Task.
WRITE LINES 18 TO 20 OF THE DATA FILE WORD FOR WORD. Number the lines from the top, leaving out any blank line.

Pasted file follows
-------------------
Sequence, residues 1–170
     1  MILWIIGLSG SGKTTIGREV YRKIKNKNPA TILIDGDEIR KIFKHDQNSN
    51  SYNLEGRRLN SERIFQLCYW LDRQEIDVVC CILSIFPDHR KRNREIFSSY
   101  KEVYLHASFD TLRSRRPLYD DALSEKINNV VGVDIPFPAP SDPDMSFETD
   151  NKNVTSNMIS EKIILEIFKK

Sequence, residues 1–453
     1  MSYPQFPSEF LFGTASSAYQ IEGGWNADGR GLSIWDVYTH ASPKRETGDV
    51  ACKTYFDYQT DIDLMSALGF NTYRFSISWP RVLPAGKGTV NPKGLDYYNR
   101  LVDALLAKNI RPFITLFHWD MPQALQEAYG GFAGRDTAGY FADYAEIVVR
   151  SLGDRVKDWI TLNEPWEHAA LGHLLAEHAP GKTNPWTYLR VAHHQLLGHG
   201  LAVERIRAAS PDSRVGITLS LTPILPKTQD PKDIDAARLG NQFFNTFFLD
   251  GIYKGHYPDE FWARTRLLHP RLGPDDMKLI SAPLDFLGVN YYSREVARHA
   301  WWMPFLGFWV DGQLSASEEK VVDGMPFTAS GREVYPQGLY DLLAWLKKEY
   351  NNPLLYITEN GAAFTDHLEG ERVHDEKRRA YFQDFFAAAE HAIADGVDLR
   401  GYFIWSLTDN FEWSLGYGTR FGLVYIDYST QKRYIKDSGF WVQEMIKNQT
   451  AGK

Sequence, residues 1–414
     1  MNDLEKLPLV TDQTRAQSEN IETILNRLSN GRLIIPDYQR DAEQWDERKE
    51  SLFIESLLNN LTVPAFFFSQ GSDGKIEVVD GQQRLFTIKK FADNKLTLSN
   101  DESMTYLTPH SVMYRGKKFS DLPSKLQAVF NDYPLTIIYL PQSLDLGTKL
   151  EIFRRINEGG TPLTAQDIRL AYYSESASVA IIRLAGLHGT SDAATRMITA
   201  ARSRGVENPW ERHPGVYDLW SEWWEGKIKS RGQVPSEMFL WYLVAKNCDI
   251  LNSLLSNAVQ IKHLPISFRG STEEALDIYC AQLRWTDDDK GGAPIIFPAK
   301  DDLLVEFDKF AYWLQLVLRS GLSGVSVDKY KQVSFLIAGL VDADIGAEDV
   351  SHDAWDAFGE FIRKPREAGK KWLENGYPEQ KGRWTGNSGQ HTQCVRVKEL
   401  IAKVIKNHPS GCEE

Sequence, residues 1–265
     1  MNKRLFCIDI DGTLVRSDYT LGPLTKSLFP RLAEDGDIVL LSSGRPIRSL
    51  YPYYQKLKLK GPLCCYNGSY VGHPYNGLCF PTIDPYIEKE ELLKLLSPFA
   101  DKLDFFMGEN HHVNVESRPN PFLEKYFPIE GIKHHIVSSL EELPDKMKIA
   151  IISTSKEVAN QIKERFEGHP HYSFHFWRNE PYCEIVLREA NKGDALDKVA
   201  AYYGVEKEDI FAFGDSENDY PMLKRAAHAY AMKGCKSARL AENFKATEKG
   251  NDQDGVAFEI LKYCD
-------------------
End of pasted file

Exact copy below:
     1  MNDLEKLPLV TDQTRAQSEN IETILNRLSN GRLIIPDYQR DAEQWDERKE
    51  SLFIESLLNN LTVPAFFFSQ GSDGKIEVVD GQQRLFTIKK FADNKLTLSN
   101  DESMTYLTPH SVMYRGKKFS DLPSKLQAVF NDYPLTIIYL PQSLDLGTKL